This Week in Logistics News (October 9 – 15)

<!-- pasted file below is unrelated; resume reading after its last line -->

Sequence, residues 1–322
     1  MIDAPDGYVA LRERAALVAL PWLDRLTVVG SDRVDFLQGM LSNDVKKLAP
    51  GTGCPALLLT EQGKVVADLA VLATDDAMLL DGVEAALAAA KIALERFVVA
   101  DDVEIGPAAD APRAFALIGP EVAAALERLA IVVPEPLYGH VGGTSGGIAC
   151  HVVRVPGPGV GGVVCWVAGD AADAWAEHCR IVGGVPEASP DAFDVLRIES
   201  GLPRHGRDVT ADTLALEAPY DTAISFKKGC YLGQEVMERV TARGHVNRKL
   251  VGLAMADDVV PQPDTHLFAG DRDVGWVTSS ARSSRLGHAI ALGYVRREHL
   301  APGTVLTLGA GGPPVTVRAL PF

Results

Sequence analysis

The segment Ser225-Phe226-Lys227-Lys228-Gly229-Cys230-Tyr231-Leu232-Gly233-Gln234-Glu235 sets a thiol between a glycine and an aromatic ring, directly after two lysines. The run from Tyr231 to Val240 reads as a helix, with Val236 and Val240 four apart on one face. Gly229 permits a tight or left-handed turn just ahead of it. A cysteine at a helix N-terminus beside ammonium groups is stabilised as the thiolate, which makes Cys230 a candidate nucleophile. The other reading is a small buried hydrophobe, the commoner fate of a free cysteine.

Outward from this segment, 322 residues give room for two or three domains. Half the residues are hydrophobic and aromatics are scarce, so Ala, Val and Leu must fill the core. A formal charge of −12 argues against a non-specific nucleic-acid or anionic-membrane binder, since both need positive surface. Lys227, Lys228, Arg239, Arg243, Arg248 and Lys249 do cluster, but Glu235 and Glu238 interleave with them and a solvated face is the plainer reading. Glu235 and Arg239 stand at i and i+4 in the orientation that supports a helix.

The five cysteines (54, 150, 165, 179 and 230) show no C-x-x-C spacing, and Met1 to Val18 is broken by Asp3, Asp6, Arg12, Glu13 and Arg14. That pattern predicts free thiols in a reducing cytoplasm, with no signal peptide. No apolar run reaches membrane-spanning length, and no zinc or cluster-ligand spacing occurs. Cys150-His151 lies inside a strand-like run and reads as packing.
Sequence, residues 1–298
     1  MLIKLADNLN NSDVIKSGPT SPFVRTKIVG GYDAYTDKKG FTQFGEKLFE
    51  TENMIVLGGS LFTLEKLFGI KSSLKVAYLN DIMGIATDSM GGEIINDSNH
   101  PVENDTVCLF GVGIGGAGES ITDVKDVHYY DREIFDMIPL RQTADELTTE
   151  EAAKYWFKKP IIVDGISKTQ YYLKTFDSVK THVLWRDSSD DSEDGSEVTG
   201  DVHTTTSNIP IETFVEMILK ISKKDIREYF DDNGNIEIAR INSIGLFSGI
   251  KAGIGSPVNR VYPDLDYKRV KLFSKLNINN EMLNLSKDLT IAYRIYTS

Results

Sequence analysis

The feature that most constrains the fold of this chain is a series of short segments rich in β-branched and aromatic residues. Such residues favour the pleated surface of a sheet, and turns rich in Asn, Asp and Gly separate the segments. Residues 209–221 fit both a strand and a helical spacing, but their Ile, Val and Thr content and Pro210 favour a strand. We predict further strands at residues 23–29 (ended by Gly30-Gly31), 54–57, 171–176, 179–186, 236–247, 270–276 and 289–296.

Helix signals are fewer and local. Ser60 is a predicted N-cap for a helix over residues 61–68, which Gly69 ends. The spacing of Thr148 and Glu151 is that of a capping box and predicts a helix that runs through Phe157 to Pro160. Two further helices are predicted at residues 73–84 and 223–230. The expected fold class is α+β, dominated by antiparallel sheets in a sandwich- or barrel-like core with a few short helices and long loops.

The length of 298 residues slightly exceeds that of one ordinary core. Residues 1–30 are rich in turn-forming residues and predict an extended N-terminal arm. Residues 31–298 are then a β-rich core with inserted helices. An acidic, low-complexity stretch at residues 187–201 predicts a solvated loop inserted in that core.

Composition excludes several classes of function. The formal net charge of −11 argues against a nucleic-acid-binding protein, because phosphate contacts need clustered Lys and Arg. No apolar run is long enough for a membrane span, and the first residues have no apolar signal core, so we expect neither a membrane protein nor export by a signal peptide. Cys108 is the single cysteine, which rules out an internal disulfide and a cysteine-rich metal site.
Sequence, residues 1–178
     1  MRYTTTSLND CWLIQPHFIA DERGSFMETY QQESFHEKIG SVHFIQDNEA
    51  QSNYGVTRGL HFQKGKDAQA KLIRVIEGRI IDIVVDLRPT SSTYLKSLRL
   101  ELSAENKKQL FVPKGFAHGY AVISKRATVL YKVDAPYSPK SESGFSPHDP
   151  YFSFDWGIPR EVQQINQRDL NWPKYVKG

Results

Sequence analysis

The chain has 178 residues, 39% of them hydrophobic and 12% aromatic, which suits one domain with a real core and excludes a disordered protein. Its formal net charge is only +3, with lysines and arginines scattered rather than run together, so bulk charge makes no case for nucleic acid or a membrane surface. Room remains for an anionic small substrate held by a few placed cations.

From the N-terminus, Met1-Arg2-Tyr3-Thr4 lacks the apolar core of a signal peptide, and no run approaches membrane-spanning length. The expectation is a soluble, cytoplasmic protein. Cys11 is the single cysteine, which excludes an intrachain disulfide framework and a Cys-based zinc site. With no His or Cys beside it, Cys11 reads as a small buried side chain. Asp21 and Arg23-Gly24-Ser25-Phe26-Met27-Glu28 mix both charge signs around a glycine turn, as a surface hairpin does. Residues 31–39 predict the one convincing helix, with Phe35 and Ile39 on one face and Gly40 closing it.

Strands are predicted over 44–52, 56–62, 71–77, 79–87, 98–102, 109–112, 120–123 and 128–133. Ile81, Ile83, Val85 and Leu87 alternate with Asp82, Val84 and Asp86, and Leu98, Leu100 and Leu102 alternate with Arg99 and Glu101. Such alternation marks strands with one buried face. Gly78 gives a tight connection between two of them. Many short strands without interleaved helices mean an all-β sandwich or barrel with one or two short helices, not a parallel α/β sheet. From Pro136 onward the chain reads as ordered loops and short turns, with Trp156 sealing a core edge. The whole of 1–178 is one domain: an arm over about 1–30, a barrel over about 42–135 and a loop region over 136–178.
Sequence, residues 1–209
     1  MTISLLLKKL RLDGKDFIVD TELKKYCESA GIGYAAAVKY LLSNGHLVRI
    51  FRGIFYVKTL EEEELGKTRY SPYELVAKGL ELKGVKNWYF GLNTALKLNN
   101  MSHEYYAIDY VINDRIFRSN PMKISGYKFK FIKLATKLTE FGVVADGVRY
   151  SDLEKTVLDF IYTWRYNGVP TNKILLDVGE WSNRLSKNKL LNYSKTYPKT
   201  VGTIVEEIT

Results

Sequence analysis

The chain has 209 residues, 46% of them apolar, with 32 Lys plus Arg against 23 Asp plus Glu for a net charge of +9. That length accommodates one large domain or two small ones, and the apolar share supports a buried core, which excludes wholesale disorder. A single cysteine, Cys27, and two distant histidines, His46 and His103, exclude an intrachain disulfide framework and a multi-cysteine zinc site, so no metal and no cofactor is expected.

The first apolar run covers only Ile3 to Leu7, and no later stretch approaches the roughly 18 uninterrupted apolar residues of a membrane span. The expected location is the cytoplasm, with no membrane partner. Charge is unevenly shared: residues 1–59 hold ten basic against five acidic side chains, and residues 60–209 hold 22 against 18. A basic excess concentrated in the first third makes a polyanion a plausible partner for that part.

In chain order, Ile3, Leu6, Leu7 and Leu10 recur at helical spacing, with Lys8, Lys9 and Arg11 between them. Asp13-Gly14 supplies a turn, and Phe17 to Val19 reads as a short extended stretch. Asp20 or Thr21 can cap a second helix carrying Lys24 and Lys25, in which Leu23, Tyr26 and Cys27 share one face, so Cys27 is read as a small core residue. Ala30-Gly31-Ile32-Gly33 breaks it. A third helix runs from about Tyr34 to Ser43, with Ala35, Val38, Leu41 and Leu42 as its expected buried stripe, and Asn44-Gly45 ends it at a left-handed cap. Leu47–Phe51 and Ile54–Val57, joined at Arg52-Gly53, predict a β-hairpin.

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logistics newsI just read an interesting article about Chris Johnson, former top sales executive at Apple and CEO of JC Penney. It seems that Mr. Johnson is on a quest to “remake the retail world” as he takes his new company public. The company in question is Enjoy, and it runs mobile retail stores for its partners. Mr. Johnson sees the company as a combination of white-glove delivery service and an army of door-to-door salespeople. The company differentiates itself by solving a problem for high-end electronics makers and luxury brands – owning the final part of the customer experience. Instead of shipping a new smartphone to someone’s house and having it left on the front steps, one of Enjoy’s delivery workers will personally deliver and set up the phone, and then sell additional services. The company has grown, with revenue this year expected to rise to $109 million from $15 million in 2018, according to filings with the Securities and Exchange Commission. The company says it will be profitable in 2023 and is telling investors it plans to reach $1 billion in sales in 2025. That is a lot of money for personalized delivery. And now on to this week’s logistics news.